How would you react if a french speaking friend told you that you are doing fine with your written… English?
That’s the feedback I got a while back and I was quite happy with it… not being a native English speaker myself. In fact, it’s my 3rd language.
Then someday a friend advised I installed Grammarly and bang there was the shock! I had multiple mistakes all over my articles I didn’t even notice. It opened my eyes, and I said to myself I needed to make my reviewing process more bulletproof.
So I searched the web for help and stumbled across practical tools to do just that. Here are my picks based on the below objectives:
- Use native expressions.
- Exploit a large vocabulary range.
- Avoid common grammar, syntax & spelling mistakes.
- Be clear.
Fortunately, the internet had all the answers. 🙂
Use native expressions
Communication specialists know it, a good way to connect with foreigners is to use idioms that characterize their language and culture. Native expressions do just that. Here are the tools I use depending on the need:
Case 1: if I know the expression in some language and look for the English equivalent, Linguee is the go-to option.
Case 2: if I’m looking for an idiom with a specific word in it, I would head to theidioms.com and type the aimed word in the search bar.
Case 3: for longer translations, I would use Deepl. Although I’m satisfied with the result most of the time, it is not as precise as Linguee but the latter can’t translate complex sentences properly.
Enlarge your vocabulary
That one helps a lot too and is pretty straightforward. I head to thesaurus.com and type whatever word I want a synonym of. It provides a list of substitutions taking the context and frequency of use into consideration.
Avoid common grammar, syntax & spelling mistakes
Both native and non-native speakers learn languages at school. This is not how humans learn languages. The learning process looks more of something like this:
As with most social stuff, learning to speak a language happens through mimicry and a feedback loop. School only consolidates what we already know and makes a few adjustments when needed.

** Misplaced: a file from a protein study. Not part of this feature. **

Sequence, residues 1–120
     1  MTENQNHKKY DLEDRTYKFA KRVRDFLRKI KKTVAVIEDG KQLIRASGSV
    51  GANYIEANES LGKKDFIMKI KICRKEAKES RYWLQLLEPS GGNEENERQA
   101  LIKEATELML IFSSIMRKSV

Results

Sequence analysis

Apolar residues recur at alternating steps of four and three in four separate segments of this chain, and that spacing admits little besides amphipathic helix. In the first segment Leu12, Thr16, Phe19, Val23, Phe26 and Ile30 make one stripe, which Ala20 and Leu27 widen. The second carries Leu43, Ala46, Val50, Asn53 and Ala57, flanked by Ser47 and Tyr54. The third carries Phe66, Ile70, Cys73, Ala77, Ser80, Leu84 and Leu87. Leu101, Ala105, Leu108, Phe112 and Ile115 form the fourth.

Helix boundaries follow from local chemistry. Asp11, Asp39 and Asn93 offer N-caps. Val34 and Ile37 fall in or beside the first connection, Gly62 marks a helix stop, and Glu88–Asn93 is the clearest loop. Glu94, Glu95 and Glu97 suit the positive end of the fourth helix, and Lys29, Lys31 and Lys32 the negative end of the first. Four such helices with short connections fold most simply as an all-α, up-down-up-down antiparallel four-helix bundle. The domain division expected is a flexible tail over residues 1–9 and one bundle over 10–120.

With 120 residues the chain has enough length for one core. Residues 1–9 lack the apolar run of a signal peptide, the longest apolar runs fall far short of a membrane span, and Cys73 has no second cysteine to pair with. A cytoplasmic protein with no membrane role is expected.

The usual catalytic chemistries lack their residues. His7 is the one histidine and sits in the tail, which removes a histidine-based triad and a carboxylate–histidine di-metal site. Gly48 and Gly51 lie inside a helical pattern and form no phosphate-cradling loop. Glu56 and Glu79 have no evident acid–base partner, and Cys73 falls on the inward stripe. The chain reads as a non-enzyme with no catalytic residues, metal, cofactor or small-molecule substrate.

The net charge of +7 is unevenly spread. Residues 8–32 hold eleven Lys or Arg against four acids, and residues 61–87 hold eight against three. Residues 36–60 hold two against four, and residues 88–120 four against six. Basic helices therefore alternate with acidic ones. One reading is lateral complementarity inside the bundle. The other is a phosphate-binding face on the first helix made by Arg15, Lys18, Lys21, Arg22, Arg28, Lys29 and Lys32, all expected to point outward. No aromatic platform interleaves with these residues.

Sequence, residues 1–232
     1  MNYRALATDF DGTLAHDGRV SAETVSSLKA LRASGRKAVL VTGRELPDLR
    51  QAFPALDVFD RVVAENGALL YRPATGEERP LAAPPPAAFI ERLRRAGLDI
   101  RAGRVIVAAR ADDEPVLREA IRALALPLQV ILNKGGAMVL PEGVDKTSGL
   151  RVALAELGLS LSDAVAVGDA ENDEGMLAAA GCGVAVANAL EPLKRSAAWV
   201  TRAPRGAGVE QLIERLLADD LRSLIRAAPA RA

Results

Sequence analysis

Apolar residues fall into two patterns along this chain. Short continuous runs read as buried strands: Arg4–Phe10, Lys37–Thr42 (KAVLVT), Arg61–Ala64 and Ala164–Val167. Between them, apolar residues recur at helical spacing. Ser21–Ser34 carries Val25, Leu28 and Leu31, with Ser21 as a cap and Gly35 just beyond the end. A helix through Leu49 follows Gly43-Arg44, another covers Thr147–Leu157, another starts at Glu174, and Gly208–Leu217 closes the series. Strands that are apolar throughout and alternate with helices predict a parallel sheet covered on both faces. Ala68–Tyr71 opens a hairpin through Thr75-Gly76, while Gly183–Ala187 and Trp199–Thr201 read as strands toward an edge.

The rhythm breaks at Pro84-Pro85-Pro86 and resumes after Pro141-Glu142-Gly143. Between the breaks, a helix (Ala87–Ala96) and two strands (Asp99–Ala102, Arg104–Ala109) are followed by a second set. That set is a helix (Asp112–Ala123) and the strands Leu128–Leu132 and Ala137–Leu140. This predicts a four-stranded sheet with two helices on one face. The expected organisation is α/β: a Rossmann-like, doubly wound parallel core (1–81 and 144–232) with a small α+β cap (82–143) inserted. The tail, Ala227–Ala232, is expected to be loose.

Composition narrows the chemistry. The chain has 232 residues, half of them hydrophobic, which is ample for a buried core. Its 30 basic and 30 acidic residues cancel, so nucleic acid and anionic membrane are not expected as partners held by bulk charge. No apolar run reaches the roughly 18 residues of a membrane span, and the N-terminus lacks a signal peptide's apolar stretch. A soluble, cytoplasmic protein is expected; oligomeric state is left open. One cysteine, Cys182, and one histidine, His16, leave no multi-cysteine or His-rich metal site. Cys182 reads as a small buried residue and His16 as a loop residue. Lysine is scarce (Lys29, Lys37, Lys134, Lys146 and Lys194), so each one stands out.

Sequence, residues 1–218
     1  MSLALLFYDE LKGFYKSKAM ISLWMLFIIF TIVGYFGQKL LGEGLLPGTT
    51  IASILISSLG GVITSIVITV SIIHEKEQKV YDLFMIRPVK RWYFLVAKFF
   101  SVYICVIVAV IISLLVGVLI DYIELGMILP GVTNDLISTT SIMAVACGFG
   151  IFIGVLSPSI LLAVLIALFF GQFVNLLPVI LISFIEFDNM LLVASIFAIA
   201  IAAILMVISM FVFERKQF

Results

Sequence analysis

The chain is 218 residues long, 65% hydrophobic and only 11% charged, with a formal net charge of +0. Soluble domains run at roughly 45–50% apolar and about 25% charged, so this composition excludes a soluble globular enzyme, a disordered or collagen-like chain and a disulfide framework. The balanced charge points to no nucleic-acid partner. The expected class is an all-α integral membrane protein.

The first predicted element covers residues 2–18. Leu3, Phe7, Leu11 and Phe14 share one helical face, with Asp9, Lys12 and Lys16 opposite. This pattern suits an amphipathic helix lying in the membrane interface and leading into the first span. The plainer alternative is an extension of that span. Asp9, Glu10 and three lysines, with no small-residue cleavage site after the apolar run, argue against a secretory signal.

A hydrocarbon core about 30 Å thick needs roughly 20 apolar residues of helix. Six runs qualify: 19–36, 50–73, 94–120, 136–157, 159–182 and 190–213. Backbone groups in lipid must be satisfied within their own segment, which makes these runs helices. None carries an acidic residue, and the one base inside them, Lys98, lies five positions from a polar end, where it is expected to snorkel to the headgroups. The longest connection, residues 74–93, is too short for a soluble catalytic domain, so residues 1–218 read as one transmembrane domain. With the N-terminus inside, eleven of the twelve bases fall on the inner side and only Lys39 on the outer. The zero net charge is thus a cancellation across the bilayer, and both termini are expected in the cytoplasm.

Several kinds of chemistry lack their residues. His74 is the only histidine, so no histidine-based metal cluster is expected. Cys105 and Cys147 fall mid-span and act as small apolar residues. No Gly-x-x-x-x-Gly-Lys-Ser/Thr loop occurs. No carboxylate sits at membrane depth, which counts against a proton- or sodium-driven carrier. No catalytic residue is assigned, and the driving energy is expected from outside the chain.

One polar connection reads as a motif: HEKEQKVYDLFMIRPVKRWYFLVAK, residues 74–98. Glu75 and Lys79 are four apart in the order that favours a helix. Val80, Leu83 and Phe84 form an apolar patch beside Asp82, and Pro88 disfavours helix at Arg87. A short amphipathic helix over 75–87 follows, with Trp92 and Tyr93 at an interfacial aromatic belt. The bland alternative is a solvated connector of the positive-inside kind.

That’s why I’m a fan of Grammarly. Just write whatever you have in your mind, it underlines in red the weird stuff and suggests a better way. Whether it is a spelling, grammar, or syntax mistake. It’s there to save you and help you improve.
Polishing for clarity
Then comes the great Hemingway but not Ernest 🙂. I’m referring to the web-app hemingwayapp.com. You can either write directly on the frame or copy/paste your text for reviewing. It gives all sorts of inputs going even further than Grammarly. You get comments about, sentence length, clarity… It’s the ultimate electronic polishing before sending your content over to friends you trust for review.
A few more pieces of advice I got on writing
- Be as concise as you can, hemingwayapp.com will help challenge you in that regard.
- Use a conversational style. It’s much easier to go through and maintains readers’ attention.
- Avoid complex vocabulary, both Linguee and Thesaurus can help. One and the other offer a usage ranking. The rule is simple, the more usage, the more natural it will sound. So make sure you pick up the top of the list words before considering less common options hoping to sound savvy.
So you’re all set. Give it a try. This writing stack is nothing complex but still requires a few iterations to become second nature.
If you tried tools that helped you out, please let the community know by commenting. Hopefully, the (right) word will spread and…